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Remy Lebeau:

--- Quote from: JimKueneman on October 27, 2023, 04:23:20 am ---The Client on the other hand never sees the message...
...

--- Code: Pascal  [+][-]window.onload = function(){var x1 = document.getElementById("main_content_section"); if (x1) { var x = document.getElementsByClassName("geshi");for (var i = 0; i < x.length; i++) { x[i].style.maxHeight='none'; x[i].style.height = Math.min(x[i].clientHeight+15,306)+'px'; x[i].style.resize = "vertical";}};} ---if not IdTCPClient.IOHandler.InputBufferIsEmpty then 
Always returns false.

--- End quote ---

That is because the InputBuffer is filled with data only when a read operation is performed on the underlying socket, which CheckForDataOnSource() does.  Indy doesn't read from the socket until you tell Indy to read something.  Most of the higher-level reading methods, like ReadStream(), handle this internally for you, checking and filling the InputBuffer until the requested data becomes available in full.


--- Quote from: JimKueneman on October 27, 2023, 04:11:14 pm ---This seems to have solved it for now...

--- End quote ---

Typically, you don't need the InputBufferIsEmpty() check, just call a reading method like ReadStream() unconditionally and let it block the calling thread until the requested data arrives, eg:


--- Code: Pascal  [+][-]window.onload = function(){var x1 = document.getElementById("main_content_section"); if (x1) { var x = document.getElementsByClassName("geshi");for (var i = 0; i < x.length; i++) { x[i].style.maxHeight='none'; x[i].style.height = Math.min(x[i].clientHeight+15,306)+'px'; x[i].style.resize = "vertical";}};} ---procedure TLccEthernetClientThread.OnThreadComponentRun(Sender: TIdThreadComponent);var  ...begin       ReceiveStreamConnectionThread.Size := 0;  idTCPClient.IOHandler.ReadStream(ReceiveStreamConnectionThread, DesiredSize);  ... end;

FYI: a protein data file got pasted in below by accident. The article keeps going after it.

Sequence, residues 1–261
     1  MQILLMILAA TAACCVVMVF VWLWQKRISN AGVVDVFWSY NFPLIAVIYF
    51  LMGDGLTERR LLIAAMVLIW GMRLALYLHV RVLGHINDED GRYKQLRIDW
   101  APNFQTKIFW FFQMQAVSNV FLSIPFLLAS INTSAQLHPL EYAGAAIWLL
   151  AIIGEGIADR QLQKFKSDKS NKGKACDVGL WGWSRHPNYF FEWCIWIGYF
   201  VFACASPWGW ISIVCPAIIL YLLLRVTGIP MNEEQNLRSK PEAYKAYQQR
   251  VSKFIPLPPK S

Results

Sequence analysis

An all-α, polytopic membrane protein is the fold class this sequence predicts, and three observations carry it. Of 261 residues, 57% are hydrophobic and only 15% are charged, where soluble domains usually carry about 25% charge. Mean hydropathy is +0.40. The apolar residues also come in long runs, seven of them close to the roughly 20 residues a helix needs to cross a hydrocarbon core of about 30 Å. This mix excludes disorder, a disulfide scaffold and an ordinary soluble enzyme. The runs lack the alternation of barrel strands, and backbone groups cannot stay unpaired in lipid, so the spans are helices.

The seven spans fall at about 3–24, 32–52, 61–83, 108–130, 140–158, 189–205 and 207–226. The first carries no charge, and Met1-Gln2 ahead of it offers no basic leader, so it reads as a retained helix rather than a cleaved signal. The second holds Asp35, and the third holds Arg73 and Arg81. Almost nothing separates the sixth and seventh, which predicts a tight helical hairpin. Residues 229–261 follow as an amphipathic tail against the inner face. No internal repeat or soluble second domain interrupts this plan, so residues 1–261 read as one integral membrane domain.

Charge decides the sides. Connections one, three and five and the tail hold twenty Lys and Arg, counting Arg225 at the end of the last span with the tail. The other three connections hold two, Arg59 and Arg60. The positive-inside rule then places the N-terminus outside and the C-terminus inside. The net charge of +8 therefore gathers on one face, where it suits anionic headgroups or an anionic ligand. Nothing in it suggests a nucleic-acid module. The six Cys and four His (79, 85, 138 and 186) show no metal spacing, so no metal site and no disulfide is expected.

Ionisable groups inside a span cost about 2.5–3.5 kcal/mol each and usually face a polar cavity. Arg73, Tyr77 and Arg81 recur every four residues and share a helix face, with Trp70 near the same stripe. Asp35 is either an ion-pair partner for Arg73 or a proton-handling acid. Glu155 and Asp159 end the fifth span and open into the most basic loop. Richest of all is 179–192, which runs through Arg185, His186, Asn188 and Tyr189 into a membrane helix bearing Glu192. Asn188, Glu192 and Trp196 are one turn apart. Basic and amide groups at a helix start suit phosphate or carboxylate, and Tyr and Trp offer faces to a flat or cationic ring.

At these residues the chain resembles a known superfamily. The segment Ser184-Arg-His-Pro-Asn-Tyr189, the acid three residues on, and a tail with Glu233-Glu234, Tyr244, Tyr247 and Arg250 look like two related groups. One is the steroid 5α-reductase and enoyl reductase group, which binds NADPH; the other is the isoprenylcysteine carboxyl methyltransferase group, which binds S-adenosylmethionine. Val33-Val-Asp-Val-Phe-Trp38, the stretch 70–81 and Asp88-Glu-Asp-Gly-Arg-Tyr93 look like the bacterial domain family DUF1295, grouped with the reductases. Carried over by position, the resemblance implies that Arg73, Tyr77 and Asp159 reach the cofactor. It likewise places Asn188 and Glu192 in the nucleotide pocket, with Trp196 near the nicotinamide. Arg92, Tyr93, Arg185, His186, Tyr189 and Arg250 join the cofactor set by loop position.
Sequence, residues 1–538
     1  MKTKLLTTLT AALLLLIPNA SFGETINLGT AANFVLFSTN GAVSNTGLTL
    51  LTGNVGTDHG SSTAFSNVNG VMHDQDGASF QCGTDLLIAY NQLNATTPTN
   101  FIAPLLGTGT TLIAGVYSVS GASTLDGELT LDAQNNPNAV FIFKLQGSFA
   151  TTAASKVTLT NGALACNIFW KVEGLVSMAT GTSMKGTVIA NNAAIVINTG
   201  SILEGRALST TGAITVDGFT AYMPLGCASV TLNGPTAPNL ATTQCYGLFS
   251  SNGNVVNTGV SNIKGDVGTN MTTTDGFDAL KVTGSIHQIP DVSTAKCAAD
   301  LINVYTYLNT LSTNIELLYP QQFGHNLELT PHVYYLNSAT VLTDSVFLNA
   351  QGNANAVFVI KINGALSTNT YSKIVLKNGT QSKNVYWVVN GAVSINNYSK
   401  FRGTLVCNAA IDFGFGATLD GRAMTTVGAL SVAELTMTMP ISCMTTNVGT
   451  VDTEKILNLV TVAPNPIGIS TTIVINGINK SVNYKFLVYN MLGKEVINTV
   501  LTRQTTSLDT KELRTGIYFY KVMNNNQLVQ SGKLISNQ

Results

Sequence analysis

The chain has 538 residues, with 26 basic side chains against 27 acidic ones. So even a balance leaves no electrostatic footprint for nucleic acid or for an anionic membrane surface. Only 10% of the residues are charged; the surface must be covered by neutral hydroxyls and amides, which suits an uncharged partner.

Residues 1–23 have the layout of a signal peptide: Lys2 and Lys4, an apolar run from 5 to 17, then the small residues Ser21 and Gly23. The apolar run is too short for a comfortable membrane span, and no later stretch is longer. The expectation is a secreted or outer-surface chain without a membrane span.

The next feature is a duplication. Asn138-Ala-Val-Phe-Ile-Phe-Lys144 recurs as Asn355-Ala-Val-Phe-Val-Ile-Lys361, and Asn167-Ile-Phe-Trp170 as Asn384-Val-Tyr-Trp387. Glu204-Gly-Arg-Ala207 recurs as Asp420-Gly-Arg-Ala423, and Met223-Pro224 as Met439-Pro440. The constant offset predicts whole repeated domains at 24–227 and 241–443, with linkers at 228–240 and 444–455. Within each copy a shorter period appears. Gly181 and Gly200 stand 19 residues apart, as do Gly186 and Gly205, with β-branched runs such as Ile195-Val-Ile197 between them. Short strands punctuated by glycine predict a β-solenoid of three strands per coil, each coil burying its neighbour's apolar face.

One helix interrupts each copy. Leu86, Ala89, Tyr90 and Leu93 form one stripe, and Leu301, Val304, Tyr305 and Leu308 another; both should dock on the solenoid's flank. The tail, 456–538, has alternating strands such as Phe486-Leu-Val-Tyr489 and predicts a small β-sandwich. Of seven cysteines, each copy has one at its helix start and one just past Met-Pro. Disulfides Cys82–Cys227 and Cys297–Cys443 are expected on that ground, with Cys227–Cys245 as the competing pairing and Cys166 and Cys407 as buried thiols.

The CheckForDataOnSource()/InputBufferIsEmpty() approach is mainly used only when either:


* the calling thread does not want to be blocked and wants to do other things even when data is not available.
* the calling thread does not know how much data is being sent to it (as in your example).
In the latter case, unless you are writing a proxy or streaming media, not knowing how much data to read is generally a sign of bad protocol design.

JimKueneman:
Thanks for the explanation.  The protocol was really aimed at CAN bus transfer but a "cheap" TCP adaptation of it has started to gain traction by sending strings (which I am trying to stop and use a TCP specific protocol).

Thanks again.
Jim

Remy Lebeau:
I'm not familiar with CAN bus, but I would be very surprised if it doesn't specify proper data sizes in its payloads.  You should be parsing the CAN bus messages to determine how to read them correctly, not just blinding reading arbitrary amounts of bytes, as your earlier example was doing.

JimKueneman:
Unfortunately the way the protocol was implemented in TCP it does not.. the payload could be from 0 to 8 bytes and you don't know until you find a null character.    The TCP protocol I am trying to push for will have the ability to read directly into the message header and read how many bytes are in the payload (and will be way bigger than 8 bytes... the way it is not is terribly slow as the messages need to ACK back and forth carrying only up to 8 bytes (a CAN limitation).  Then I can just read a known header size and then a known payload size but till then I can only do what others have implemented.

JimKueneman:
Remy are

procedure IdTCPServerExecute(AContext: TIdContext);

connections serialized calling this function?  I am having this strange hard to reproduce bug with a stream I am using for a read in the function.  It seems like the Size is changing in the middle of a for loop when I am iterating through it within this function but I have not been able to catch it when I add a bit of code to test for it.

Jim

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